Global Reset: Australia battles blazing bushfires in war against climate change


Provided by Margaret Huntley

Smoke fills the sky near the property of middle school math teacher Margaret Huntley’s sister on the outskirts of the capital city of Canberra. Bushfire smoke consists of water vapor, various-sized particles and toxic gases like nitrous oxide and carbon monoxide.

by Emily Tan and Brian Chen

26.9 million acres burned. More than 3,000 homes destroyed. 33 deaths, including nine firefighters, as of Jan. 31, according to the Crisis Coordination Center of the Australian government. And over one billion bird, mammal, and reptile deaths, according to the Australian Academy of Science. This is the impact of the hundreds of fires that have been burning across the states of New South Wales (NSW) and Victoria in southeastern Australia since September. 

After the Kincade Fire burned 77,758 acres in Sonoma County, C.A. in October, the Australian wildfires reflect a worldwide trend of worsening fire seasons as a result of climate change. 

“I wasn’t exactly surprised [when I heard about the fires],” upper school Green Team officer Anthony Shing (12) said. “There’s usually bushfires in Australia every year but as the months passed by, my concern grew because I didn’t expect it to last that long.”

According to the Queensland government website, bushfire smoke consists of water vapor, various-sized particles and toxic gases like nitrous oxide and carbon monoxide. Larger particles that are visible to the eye typically do not have major health effects besides nose and throat irritation, while microscopic particles can intensify asthma and worsen pre-existing heart and lung conditions. For protection against bushfire smoke, only special face masks like P2 masks can prevent fine particulate pollution from entering the lungs.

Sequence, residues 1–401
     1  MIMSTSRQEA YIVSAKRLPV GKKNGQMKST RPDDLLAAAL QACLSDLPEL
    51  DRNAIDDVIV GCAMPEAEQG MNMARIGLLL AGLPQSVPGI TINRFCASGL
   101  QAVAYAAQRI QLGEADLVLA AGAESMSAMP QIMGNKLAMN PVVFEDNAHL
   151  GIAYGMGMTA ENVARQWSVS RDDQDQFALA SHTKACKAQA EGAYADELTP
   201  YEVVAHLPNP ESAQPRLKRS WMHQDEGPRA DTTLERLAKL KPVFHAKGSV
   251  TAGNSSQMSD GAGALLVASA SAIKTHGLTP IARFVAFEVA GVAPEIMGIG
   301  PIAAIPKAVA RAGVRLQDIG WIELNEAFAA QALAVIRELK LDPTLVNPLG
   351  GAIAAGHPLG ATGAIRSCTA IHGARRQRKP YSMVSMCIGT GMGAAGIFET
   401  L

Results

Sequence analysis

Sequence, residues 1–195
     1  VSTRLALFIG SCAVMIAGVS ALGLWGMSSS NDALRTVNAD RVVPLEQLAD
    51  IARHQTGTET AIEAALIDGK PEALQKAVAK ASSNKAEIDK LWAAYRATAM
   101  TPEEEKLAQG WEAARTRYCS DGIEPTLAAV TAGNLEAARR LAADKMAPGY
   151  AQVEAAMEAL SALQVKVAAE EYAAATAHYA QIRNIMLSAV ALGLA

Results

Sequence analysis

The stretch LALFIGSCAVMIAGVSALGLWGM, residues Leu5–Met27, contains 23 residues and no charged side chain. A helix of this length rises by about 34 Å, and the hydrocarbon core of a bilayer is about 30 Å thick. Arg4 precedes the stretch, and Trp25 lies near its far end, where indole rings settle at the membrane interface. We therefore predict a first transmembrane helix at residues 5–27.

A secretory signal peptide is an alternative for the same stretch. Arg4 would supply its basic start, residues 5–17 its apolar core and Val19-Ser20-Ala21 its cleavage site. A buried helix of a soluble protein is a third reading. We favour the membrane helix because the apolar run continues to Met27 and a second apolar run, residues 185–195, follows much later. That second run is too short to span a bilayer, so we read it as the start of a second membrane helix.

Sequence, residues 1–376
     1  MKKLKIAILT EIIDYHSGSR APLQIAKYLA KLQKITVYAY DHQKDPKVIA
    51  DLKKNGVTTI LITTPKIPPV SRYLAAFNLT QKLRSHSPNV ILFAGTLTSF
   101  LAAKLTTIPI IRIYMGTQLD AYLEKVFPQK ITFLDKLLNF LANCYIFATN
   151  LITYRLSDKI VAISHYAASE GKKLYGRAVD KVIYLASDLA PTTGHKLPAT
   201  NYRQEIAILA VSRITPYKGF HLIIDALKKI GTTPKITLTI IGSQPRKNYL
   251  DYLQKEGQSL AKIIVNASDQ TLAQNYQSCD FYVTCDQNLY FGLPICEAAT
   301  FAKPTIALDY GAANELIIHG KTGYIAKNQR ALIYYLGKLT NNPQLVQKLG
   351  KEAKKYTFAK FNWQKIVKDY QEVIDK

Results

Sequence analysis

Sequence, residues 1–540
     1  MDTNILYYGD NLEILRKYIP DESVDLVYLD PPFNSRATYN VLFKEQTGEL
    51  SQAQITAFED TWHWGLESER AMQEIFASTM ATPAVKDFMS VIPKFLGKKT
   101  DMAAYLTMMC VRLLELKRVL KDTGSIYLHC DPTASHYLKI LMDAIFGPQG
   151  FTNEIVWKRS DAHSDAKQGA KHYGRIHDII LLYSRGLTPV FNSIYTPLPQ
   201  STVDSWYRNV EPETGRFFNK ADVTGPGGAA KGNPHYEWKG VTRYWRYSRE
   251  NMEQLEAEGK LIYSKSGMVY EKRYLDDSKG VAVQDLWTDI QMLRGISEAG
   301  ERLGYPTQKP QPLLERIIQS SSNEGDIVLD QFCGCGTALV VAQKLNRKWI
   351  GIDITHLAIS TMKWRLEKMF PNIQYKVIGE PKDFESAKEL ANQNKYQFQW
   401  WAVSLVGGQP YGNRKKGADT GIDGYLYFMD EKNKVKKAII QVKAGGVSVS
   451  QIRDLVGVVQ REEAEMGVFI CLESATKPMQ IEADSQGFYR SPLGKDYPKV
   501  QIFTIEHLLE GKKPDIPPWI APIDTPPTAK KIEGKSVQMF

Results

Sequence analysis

In recent days, pollution has alleviated. Based on data from the World Air Quality Index project, as of Feb. 2 major cities in Victoria had air quality indices (AQI) ranging from 3 to 55 and likewise in NSW, the air quality now ranges from 4 to 86, considered good to moderate. These numbers are major improvements from a daily average AQI of 714 on Jan. 6 in Canberra in NSW and an AQI of 272 Jan. 15 in Melbourne in Victoria. 

According to Stanford Ph.D. candidate Rebecca Miller, who has been conducting research in wildfire policy, management and recovery in California for two and a half years, climate change has increased the strength and probability of fires by making already dry and hot areas even drier and hotter. 

It’s almost like the fire perpetuates itself because the faster it burns, the hotter it makes the environment, and so they’re becoming a lot more intense.

— Diana Moss

2019 was both Australia’s hottest and driest year on record with national temperatures 1.5ºC above average and severe drought affecting NSW especially, according to the Australian government’s Bureau of Meteorology. With rising global temperatures, areas that are already vulnerable to fire threats are now even more prone to these hazards. 

“The wildfires in general are becoming increasingly more intense because of the heating of the climate,” said Diana Moss, Green Team adviser and a member of the faculty sustainability committee at Harker. “Plants don’t hold as much water in them so they burn more quickly, and it’s almost like the fire perpetuates itself because the faster it burns, the hotter it makes the environment, and so they’re becoming a lot more intense.”

In previous years, fire control techniques developed by the native Aboriginal people of Australia have successfully prevented small bushfires by burning ground fuel and easily flammable objects such as dry leaves. Although Aboriginal techniques clear the land of dry underbrush, the high intensity of the current fires are causing previously charred wood and leaves to catch fire again.

Though sometimes compared to the California fires in 2017 and 2018 that burned three million acres of land, the Australia fires are on a different level in terms of scale: the country has already seen six times the amount of acres burned, according to Miller. 

“We can generally be expecting more and more of these catastrophic wildfires, whether in California or Australia or in the Mediterranean or anywhere worldwide,” Miller said. “We traditionally see wildfires begin simply because, as heat and drought impacts are exacerbated so will the impact of these disasters.”